Still in her 20s, the Rome-born Cecilia Bartoli has in remarkably short order won unanimous praise from aficionados of bel canto opera and song recitals as well. Her second Ambassador recital, following a two-year absence, drew a capacity crowd that may be cheering still.
The program was almost all Italian: Minor songs by Beethoven and Schubert that became major by dint of the singer’s imaginative skills; endearing and witty tunes by Rossini and Bellini, one of the two mad scenes from the latter’s “I Puritani” and Mozart’s beloved “Exsultate Jubilate” with its tonsil-twisting final “Alleluia.”
The final encore, though, was an enchantingly sexy rendition of the “Seguidilla” from Bizet’s “Carmen,” suggesting an entirely new direction for her future repertory plans.
Bartoli’s rise to eminence has been rapid, but it has also been wisely paced — due in large part to some splendid teaching and career management from her mother, herself a respected diva in several Italian opera houses. On a series of best-selling London discs and a carefully spaced series of appearances, she has worked her magic on a fairly limited repertory — Mozart and the bel canto style of the early 19th century — which she now masters with remarkable ease and a vocal technique close to flawless.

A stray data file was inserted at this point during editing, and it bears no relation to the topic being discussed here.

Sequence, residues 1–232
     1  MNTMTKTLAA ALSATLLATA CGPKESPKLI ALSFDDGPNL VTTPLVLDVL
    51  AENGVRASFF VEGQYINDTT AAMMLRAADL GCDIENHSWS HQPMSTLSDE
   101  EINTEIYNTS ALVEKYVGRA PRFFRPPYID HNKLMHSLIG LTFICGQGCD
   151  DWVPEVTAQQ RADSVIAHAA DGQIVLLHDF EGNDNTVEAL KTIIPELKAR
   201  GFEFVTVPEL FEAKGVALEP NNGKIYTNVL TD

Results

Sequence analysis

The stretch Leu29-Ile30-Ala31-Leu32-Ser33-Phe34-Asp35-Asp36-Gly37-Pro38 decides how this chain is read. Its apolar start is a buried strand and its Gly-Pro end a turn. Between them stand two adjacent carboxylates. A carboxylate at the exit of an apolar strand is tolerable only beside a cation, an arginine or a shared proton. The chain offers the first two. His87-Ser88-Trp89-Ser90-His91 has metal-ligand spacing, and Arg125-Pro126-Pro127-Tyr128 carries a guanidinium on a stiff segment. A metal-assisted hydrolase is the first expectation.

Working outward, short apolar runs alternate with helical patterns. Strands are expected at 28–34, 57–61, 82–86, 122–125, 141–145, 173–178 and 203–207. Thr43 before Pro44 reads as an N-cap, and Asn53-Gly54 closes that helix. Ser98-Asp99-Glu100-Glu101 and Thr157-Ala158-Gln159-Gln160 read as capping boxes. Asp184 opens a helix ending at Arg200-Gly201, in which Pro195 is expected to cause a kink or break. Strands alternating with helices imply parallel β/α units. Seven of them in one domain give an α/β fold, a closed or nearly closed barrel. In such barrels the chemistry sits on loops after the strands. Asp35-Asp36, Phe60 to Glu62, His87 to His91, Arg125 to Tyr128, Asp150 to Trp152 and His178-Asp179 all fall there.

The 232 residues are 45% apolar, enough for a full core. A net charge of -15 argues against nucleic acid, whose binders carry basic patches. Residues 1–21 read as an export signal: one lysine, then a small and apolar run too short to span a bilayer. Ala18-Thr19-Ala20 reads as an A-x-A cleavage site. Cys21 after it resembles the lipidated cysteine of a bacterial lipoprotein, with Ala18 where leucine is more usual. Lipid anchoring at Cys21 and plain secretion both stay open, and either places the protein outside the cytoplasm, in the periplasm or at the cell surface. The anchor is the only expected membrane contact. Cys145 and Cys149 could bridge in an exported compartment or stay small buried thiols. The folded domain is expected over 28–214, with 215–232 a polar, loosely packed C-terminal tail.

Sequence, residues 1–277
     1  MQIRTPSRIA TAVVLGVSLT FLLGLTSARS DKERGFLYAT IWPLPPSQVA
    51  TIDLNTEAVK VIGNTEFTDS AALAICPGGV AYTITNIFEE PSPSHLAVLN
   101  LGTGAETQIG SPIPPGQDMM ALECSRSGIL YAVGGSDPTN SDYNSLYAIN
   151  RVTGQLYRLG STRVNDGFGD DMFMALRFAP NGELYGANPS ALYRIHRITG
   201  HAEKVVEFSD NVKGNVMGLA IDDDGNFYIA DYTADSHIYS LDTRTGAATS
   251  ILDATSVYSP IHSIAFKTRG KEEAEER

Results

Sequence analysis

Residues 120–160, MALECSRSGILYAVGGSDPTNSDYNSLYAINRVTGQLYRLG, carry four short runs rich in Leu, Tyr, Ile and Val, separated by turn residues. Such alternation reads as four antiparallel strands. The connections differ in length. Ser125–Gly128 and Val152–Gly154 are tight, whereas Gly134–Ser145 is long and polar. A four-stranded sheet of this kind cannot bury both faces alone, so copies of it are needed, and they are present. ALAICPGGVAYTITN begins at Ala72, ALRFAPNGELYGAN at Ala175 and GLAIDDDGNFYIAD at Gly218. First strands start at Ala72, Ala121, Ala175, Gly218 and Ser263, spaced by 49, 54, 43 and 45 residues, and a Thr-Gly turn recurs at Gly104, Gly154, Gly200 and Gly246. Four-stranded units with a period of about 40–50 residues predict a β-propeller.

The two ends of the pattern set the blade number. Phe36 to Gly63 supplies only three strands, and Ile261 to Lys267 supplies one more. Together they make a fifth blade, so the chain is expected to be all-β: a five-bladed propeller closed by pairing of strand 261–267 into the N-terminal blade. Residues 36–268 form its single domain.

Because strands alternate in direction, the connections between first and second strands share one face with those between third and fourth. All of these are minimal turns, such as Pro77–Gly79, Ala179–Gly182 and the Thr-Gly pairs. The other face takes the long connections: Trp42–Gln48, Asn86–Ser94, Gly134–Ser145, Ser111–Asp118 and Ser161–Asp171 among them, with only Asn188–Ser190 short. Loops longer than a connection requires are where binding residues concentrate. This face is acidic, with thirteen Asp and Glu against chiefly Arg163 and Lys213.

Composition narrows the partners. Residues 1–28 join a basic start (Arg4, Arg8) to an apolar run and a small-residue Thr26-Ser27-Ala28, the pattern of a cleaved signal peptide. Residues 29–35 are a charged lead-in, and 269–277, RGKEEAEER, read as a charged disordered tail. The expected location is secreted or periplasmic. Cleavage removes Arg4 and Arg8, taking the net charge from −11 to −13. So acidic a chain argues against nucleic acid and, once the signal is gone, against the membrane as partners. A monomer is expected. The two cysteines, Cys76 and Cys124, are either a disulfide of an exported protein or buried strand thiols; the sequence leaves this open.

The impression she projects, as her Ambassador recital made abundantly clear, is that she adores the music she sings, and her own glorious talent in singing it so well.
Nicely seconded from the keyboard by veteran pianist and opera coach Gyorgy Fischer, Bartoli served the Ambassador crowd with an evening of rapturous singing, stupendous in technical prowess but also warm-hearted and ingratiating. (It was recorded for later broadcast both on NPR’s “Performance Today” and on KUSC-FM).
There is no one quite like her these days. Reports have it that the morning after the recital she was invited by the Music Center Opera to check out the Dorothy Chandler Pavilion for a possible operatic engagement. The advice from this corner: If she doesn’t like it, build another.